As you’ve heard in the media, repeal and replacement of the Affordable Care Act (ACA) continues to be a top priority for the incoming administration. But as information on the fate of the ACA continues to unfold, it’s hard to know exactly how, what or when changes will be made. How will decisions impact employers from a complexity, cost and planning perspective? This month, the answers to many of these questions could become clearer.
Here are the top 3 things to watch for this January:
1. Timing of repeal
If Senate leaders make good on their promises, a budget resolution bill that will “repeal” pieces of the ACA legislation (by zeroing out penalties or subsidies) could be on the Oval Office desk as early as January 20. There have been conflicting messages about whether pieces of the ACA will be repealed immediately, or repealed with a delay in implementation – likely somewhere between two and four years. Along with Senate Democrats, there are also some Republican Senators who have expressed concern over repealing without replacement. Employers could be significantly impacted by this timing decision.
2. What will actually be repealed?
With a budget resolution bill, Congress could potentially eliminate penalties and subsidies, but not laws that mandate, for example, coverage of pre-existing conditions, or allowing coverage of dependents through age 26. If the employer mandate penalty is “zeroed out”, it’s likely employers are still at risk for penalties, as it may not eliminate the penalty for late or non-reporting. Similar to penalties associated with not filing a W2, employers could be penalized over $3 million for late or non-reporting ($260 per return up to $3,193,000 for missing timelines and the same penalty for not reporting).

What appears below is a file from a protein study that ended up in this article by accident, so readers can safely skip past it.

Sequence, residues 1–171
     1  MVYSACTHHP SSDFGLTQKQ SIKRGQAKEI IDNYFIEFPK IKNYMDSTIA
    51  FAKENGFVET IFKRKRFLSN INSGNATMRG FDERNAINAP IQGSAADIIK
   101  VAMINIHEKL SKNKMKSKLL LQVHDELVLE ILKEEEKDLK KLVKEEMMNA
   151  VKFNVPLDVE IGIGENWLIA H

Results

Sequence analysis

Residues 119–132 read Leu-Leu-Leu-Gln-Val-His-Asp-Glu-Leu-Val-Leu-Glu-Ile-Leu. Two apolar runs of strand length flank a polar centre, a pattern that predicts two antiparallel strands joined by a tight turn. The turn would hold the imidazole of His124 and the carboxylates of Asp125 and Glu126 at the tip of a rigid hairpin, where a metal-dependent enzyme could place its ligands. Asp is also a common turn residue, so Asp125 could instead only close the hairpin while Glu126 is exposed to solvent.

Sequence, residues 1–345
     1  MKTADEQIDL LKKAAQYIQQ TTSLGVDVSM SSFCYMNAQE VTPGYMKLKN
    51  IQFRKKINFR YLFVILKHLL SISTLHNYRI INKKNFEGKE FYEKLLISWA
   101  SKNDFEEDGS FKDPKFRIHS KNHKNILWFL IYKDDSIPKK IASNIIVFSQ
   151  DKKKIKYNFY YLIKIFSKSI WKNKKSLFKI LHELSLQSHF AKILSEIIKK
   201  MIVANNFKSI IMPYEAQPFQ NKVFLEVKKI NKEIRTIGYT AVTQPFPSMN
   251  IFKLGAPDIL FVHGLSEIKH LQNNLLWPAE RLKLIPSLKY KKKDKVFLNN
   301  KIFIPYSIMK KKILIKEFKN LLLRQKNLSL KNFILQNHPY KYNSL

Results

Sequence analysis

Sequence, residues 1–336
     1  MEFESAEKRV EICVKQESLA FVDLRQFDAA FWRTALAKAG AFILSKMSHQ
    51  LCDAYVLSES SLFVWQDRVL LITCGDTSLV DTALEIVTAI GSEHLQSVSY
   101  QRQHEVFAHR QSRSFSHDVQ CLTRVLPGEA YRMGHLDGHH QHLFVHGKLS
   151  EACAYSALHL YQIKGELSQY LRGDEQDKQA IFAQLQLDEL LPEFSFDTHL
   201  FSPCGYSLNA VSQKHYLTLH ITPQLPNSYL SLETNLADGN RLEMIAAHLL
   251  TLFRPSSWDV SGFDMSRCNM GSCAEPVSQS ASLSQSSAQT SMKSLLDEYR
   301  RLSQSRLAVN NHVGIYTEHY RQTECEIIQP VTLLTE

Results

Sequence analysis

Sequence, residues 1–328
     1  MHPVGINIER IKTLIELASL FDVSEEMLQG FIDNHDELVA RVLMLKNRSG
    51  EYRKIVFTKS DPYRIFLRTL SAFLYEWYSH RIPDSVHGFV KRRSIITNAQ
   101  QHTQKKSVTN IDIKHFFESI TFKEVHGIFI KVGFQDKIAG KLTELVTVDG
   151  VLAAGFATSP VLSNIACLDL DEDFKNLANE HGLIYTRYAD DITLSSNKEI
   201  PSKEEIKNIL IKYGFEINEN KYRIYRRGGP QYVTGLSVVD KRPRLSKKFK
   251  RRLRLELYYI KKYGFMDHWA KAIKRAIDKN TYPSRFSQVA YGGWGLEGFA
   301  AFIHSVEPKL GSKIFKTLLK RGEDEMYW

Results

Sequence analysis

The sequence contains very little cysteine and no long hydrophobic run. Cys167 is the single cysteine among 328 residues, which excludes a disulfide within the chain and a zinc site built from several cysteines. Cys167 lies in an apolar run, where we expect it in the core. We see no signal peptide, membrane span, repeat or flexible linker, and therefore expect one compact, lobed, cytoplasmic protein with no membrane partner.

3. How will the legislation be replaced?
New laws take time to write, pass, and set in motion in terms of administration, as we have seen with the ACA. Unlike the budget resolution process that will be used to repeal the ACA, Democrats will have enough votes in the Senate to filibuster any replacement legislation, which could cause significant delay. As we move forward into 2017, Health e(fx) will be watching out for new compliance and reporting requirements (e.g., tax credits) and the timing and potential impact to large employers.
Regardless of what happens this January, it’s likely that healthcare reform will be a long-term, lengthy process that could get more complex before it gets better.
Employers must understand the impact of healthcare reform on their business in order to effectively forecast, plan and budget. We’re here to help. Health e(fx) is specifically designed to help employers manage complex business challenges related to an ever-changing healthcare environment.